The good news is that things have moved forward significantly in recent years to reduce stigma and curb the previously heavy-handed policing of young people. Greater Manchester Police, for instance, in line with the pro-diversionary recommendations of the Taylor review, are taking action by encouraging more amicable conversations between officers and young people on the streets, dealing informally with minor incidents and avoiding adversarial initial contacts. These lighter-touch policing approaches are important for community cohesion and help to build up trusting relationships between otherwise marginalised young people and the police. See the examples demonstrated in an evaluation of community and youth engagement policing in Canada and in ‘Empowerment Conversations’ between young people, their parents, and the police, trialled in Norway.
Similarly, relationships with staff (voluntary and paid) at local youth clubs and voluntary sector support groups also play a key role in the softening of intergenerational tensions. As part of a large European research study (PROMISE), I’ve been speaking with young people across Greater Manchester about the impact of these groups on marginalised young people’s lives. They discussed the ‘life saving’, ‘life changing’ opportunities that these groups present, the solid relationships that have been formed with peers and staff, and a sense of belonging and acceptance that many hadn’t experienced before. Sadly, as austerity hits, these organisations are becoming squeezed and many face losing their funding. The impact of their work is lessened through reductions in staff and opening hours, presenting fewer of these positive opportunities for young people.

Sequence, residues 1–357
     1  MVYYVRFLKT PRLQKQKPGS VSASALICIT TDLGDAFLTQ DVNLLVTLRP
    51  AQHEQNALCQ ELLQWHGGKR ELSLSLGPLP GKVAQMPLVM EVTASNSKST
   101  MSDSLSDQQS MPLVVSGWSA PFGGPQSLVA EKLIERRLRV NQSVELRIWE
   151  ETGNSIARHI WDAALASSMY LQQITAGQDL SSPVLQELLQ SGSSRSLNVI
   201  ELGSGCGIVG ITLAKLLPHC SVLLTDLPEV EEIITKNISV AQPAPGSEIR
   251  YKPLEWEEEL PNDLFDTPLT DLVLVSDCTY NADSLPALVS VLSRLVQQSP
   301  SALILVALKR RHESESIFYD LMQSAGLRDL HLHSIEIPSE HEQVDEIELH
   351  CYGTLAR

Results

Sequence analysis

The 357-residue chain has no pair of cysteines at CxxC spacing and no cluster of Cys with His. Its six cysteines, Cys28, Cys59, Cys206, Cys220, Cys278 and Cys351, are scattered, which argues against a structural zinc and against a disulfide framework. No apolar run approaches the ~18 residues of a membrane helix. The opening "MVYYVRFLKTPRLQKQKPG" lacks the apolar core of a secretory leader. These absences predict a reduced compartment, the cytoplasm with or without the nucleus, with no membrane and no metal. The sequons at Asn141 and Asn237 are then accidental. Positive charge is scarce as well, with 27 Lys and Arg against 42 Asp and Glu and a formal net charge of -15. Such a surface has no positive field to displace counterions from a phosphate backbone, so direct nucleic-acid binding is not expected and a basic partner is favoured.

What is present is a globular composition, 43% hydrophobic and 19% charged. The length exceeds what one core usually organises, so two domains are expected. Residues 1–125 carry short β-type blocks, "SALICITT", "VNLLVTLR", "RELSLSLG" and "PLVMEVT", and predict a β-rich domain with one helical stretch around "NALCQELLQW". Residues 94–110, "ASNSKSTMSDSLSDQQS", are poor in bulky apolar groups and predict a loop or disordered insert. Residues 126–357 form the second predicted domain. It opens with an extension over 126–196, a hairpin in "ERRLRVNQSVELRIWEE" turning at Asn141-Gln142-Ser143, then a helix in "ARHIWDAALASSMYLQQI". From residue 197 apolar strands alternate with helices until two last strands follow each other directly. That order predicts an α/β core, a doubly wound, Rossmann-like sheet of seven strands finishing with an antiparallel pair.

Young people have a lot to teach us
What is clear from the research to date is that positive relationships and open conversations are central factors in encouraging young people to engage with their communities, particularly those who are the most vulnerable to exclusion, marginalisation or exploitation. Marginalised and stigmatised young people have a lot to teach us about how society accepts and rejects, includes and excludes. As part of my research I aim to understand how and why stigmatised young people can become disengaged from society, and uncover some of the ways they demonstrate alternatives to engagement through resistance, resilience and resourcefulness.
Manchester’s new Commission provides an opportunity for us to draw on our burgeoning knowledge about youth belonging and social engagement as part of the wider goal of promoting community cohesion and that ‘tangible sense of togetherness’. A more cohesive society must be inclusive and try to give a voice to everyone, including the most marginalised. It may be the most marginalised that have the most pertinent things to say about exclusion.
We should be listening.